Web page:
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Sri Lanka: Second Review Under the Extended Arrangement Under the Extended Fund Facility, Request for Waivers of Applicability and Nonobservance of Performance Criterion, and Request for Modification of Performance Criterion—Supplementary Information

Author(s):
International Monetary Fund. Asia and Pacific Dept
Published Date:
August 2017
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This supplement updates the Staff Report that was issued to the Executive Board on June 28. It does not alter the thrust of the staff appraisal.

1. The new Inland Revenue Act (IRA)—consistent with staff recommendations—was submitted to parliament in early July, meeting a prior action of the second review. The new IRA will support fiscal consolidation by making the tax system more efficient and equitable. Its implementation will be assisted by further IMF TA as needed.

2. Efforts are continuing to recover from the severe floods in May 2017, caused by heavy monsoon rainfall across southwestern regions of the country. Development partners and emergency humanitarian funds have provided financial and in-kind support. While it is too early to assess the economic impact of the floods, the government will soon conduct a Rapid Impact and Needs Assessment, supported by the United Nations and the World Bank. At the same time, the northern part of the country is still recovering from the 2016 drought.

3. Latest data and information releases are broadly consistent with staff projections:

  • GDP and credit growth. The Sri Lankan economy grew by 3.8 percent (year-on-year) in 2017Q1, as agriculture contracted by 3.2 percent due to the lingering effects of the 2016 drought. However, industry (construction in particular) and services grew by 6.3 and 3.4 percent respectively in Q1. Private sector credit growth slowed somewhat but remained high at 20 percent in April 2017, despite rising lending rates.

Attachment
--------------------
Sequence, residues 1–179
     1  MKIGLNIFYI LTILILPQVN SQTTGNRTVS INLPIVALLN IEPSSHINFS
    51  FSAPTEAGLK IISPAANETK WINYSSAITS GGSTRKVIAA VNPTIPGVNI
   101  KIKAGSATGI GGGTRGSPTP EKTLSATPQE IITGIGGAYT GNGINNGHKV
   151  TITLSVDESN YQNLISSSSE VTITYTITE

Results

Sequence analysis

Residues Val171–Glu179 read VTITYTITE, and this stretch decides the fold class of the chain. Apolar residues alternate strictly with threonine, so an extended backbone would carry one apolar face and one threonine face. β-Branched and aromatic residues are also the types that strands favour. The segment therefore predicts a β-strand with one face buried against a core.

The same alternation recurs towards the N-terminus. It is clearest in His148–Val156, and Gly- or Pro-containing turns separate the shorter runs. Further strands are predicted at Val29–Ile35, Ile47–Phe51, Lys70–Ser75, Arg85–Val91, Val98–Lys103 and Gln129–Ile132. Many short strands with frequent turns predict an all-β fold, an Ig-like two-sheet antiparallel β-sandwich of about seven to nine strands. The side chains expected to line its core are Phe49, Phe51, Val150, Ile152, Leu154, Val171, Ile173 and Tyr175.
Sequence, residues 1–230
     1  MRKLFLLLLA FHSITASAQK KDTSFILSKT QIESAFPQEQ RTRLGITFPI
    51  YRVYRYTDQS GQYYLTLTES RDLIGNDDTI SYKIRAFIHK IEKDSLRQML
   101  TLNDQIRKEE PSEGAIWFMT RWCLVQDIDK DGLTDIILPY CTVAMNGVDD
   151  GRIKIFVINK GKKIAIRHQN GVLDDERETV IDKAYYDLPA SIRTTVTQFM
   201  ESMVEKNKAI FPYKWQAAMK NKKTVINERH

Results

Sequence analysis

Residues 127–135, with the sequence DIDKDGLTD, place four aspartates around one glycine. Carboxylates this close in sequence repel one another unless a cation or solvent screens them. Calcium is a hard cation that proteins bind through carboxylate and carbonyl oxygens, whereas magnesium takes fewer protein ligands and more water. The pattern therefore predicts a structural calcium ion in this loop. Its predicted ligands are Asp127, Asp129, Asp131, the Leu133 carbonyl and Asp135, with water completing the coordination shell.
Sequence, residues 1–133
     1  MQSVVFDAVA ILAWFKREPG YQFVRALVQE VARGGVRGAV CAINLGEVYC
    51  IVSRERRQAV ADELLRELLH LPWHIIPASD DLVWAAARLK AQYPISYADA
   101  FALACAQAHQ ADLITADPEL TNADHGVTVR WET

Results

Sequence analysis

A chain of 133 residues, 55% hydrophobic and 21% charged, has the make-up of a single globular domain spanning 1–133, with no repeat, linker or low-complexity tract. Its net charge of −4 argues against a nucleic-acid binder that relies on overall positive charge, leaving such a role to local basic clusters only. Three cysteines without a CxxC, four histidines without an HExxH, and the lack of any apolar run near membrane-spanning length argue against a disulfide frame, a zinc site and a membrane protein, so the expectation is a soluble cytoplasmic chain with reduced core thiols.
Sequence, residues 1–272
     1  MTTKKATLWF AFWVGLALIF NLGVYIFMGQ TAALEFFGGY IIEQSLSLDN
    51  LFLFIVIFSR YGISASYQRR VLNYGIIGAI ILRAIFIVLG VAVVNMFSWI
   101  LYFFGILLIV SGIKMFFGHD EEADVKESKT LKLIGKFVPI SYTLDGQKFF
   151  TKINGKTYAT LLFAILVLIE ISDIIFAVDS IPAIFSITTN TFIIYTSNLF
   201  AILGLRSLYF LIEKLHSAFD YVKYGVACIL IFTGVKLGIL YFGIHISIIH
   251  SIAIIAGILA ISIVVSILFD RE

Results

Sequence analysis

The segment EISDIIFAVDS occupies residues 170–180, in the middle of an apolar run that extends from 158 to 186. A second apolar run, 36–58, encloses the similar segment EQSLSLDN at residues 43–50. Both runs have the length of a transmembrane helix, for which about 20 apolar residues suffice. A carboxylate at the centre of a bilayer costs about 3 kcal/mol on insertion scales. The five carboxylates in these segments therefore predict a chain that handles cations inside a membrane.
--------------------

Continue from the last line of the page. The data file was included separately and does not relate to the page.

• Inflation. Headline inflation declined to 6.1 percent (year-on-year) in June 2017 from its March peak of 7.3 percent. However, food inflation has been persistently higher at about 9 percent during March-June, reflecting supply disruptions caused by the late-2016 drought and the May-2017 floods. The 3-month average inflation in June (6.3 percent) remained within the inner band under the Monetary Policy Consultation Clause.

  • Current account and reserves. The current account deficit was US$708 million (0.8 percent of annual GDP) in 2017Q1 compared to a surplus of US$35 million one year ago, with oil imports rising due to the drought-induced demand for more thermal power generation. Nevertheless, the efforts to rebuild reserves continued after the authorities overperformed on the committed corrective action in March and April 2017. During May–June, the CBSL made additional net FX purchases of about US$280 million and the exchange rate depreciated by about 1 percent against the US dollar.

  • Fiscal developments. Over January–April 2017, the primary surplus was Rs 9 billion, comparing favorably with the program floor of Rs −8 billion for the January–June period. This was underpinned by strong revenue performance over January–April as tax revenues increased by 26 percent (year-on-year).

  • Monetary policy. The Monetary Board meeting in late June kept the policy interest rates unchanged on the anticipation of further deceleration in private sector credit growth and moderation of inflation as weather-related supply disruptions dissipate.

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